U.S. stock prices have been heading up for so long, Wall Street-watchers are sounding the customary alarms that we are overdue for a “correction.” The long bull market has lifted many tech-based companies, including the following four in suburban Philadelphia.
Universal Display (stock symbol: OLED): This Ewing Township firm, founded by the same Philadelphians who developed King of Prussia patent farm InterDigital, employs 200 Princeton University scientists and other scholars and salespeople. The team spent the past 20 years developing and licensing “organic” light-emitting diodes, the misnamed, molecule-thin films that Samsung, LG Display, and now Apple use in smartphones and video screens. Sales are approaching $300 million this year (up from $200 million last year), with after-tax profits expected to top $130 million.
So it’s no surprise Universal shares have more than doubled, to an all-time high of $132, since I visited last year. Analysts at Morgan Stanley and Citic Securities say they are worth $200 or more. Others are more cautious, noting OLED already trades at a hot 76 times earnings (compared to 21 times for the S&P 500).
“About 30 percent of smartphones have OLED screens,” CFO Sidney Rosenblatt told investors in a conference call Sept. 12. Rosenblatt predicted 50 percent growth in OLED demand from 2015-17 — and that happened, noted Deutsche Bank analyst Sidney Ho. Rosenblatt now says demand will jump at least that much over the next two years.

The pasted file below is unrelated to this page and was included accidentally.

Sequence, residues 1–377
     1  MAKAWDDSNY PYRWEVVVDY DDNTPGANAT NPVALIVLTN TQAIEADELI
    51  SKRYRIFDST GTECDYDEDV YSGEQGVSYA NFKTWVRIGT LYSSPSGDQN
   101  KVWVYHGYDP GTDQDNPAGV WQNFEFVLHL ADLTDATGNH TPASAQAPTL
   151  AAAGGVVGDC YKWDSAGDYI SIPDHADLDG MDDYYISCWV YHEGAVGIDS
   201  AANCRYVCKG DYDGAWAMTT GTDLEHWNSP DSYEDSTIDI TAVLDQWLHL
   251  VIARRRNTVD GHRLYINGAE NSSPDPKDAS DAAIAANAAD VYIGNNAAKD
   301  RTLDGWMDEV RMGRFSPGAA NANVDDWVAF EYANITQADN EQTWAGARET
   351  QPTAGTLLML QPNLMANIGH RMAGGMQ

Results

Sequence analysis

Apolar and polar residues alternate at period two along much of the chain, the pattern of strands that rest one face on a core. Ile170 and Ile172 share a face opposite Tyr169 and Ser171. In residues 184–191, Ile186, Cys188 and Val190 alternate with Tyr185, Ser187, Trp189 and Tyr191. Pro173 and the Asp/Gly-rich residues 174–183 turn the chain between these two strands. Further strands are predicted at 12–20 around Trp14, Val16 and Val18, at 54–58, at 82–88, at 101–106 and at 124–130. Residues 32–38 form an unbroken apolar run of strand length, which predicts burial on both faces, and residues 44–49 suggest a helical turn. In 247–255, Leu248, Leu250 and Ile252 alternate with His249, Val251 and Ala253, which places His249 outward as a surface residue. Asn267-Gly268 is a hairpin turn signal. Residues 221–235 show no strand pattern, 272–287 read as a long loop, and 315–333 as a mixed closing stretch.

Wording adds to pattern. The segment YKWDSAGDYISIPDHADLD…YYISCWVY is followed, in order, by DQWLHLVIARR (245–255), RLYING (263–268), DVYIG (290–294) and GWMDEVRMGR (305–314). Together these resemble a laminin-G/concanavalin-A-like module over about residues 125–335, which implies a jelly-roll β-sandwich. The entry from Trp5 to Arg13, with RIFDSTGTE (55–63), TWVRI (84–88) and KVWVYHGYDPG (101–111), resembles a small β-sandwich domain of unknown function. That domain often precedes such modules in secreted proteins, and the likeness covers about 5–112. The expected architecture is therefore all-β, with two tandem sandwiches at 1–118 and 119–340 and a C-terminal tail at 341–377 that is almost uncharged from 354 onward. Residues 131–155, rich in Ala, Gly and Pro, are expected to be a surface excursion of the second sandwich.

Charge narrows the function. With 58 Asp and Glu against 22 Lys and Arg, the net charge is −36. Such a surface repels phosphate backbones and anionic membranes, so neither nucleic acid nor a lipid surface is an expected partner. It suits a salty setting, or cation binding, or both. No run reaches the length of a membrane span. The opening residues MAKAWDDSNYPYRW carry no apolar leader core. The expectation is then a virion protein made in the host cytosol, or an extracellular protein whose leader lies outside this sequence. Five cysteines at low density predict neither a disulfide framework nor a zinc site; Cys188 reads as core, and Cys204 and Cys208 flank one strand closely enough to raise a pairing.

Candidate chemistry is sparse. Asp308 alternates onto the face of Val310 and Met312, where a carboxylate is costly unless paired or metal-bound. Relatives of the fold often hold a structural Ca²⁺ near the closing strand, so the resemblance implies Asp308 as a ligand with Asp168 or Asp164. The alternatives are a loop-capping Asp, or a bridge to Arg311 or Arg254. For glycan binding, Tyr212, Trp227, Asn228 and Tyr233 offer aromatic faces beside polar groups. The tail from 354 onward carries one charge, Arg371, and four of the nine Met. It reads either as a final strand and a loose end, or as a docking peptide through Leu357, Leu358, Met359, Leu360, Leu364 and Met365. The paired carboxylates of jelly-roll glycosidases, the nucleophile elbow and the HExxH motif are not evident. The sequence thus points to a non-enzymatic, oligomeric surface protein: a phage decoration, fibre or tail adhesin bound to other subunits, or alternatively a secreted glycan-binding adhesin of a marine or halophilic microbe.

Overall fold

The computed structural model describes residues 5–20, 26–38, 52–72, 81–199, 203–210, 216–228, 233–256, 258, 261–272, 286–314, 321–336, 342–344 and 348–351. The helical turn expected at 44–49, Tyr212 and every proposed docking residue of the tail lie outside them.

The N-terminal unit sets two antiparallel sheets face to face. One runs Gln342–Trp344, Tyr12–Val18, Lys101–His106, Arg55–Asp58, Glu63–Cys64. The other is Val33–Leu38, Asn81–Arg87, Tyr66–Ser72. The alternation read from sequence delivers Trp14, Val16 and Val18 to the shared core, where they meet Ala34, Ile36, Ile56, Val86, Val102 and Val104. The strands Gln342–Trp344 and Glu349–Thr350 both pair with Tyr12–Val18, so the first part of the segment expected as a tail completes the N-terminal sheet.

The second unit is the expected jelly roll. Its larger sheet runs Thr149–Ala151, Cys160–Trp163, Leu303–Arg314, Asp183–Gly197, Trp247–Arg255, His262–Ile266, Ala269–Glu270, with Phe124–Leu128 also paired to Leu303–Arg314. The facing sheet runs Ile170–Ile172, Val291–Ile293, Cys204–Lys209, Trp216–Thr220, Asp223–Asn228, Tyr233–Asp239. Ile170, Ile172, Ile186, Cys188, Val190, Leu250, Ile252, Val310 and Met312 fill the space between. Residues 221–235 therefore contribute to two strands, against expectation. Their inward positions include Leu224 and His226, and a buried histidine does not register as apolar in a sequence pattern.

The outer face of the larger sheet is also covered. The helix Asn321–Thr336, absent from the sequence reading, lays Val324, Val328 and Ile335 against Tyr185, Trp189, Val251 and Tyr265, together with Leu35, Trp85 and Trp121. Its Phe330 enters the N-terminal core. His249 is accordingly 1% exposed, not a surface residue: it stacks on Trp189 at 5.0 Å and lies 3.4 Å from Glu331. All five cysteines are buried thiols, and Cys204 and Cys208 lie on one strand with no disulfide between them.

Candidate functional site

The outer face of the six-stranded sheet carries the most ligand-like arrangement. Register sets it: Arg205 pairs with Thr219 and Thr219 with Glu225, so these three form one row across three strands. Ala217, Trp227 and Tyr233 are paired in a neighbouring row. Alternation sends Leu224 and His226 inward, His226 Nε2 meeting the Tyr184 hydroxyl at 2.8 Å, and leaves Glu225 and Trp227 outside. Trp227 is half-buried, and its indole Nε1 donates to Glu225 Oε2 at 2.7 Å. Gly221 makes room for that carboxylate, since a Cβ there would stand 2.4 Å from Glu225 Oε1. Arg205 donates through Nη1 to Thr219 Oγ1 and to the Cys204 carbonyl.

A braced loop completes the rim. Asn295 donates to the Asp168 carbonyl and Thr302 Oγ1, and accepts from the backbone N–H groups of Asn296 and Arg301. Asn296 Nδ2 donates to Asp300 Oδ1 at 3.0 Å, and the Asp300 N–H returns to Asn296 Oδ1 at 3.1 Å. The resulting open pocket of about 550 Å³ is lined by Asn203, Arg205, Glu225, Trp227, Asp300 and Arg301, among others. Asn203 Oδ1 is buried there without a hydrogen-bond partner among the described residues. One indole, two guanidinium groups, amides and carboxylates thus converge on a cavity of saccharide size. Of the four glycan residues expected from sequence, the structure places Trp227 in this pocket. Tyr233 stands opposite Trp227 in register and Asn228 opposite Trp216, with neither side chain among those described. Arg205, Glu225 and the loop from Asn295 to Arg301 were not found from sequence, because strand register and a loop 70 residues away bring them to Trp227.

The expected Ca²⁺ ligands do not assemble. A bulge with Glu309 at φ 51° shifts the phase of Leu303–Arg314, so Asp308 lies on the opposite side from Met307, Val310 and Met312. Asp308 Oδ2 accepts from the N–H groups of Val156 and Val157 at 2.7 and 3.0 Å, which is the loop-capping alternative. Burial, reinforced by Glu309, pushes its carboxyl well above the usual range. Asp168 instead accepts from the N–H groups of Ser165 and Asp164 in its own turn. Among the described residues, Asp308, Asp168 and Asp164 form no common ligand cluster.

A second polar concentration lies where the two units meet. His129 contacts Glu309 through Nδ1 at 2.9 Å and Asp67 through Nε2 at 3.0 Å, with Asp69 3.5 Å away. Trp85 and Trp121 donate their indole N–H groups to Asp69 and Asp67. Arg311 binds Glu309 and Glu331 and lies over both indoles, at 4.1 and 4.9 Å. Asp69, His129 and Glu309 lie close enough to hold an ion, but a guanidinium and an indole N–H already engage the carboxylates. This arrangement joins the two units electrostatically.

Incyte (INCY): Shares of the cancer- and pain-fighting drug developer, which moved into a new glass-walled headquarters on a hill overlooking Wilmington this year, doubled to the $120s in 2015, fell back to the $60-80 range last year, and are back around $120 after bouncing still-higher last spring. At that price, the company is worth $25 billion — showing the huge premium Wall Street still pays for pharma growth stories: This year’s sales are expected to top $1.5 billion, double 2015’s total.
Writing in STAT, veteran biotech columnist Adam Feuerstein warned earlier this month that investors are making “a huge bet” on Incyte drug uses not yet approved by the FDA (much of Incyte’s income comes from Europe). Incyte employs around 1,000.
Tabula Rasa Health Care (TRHC): This Moorestown medication-software company, grown by scholars from Children’s Hospital of Philadelphia and backed by locally based Rittenhouse Ventures, has doubled to around $24 a share since going public last September.
Wells Fargo analyst Peter Heinz Costa warned earlier this month the company was in danger of losing focus, and the stock dipped sharply — for a day. But Tabula Rasa founder Dr. Calvin Knowlton was able to persuade investors his $35 million-plus-sales-bonuses purchase of SinfoniaRX, an Arizona-based medication-software company, is “a natural extension,” and the stock jumped back up to record highs. Sales are expected to top $125 million this year, up from $94 million last year, and yield a modest profit. The company employs around 250.
Teleflex (TFX): The Wayne-based medical-device company last week hit a record $235/share — almost double its value of two years ago — after announcing its $725 million (plus sales bonuses) purchase of the UroLift urinary-tract implant for prostate patients, the latest of the deals CEO Benson Smith and his team have cut at the rate of one every quarter for the past five years.
Teleflex now trades at 30 times earnings. In turning Teleflex into a premium-priced medical company, Smith and his lieutenants have completed a change in focus at the former mechanical-controls company and done their part to cement medical devices as one of the western Philly suburbs’ signature industries.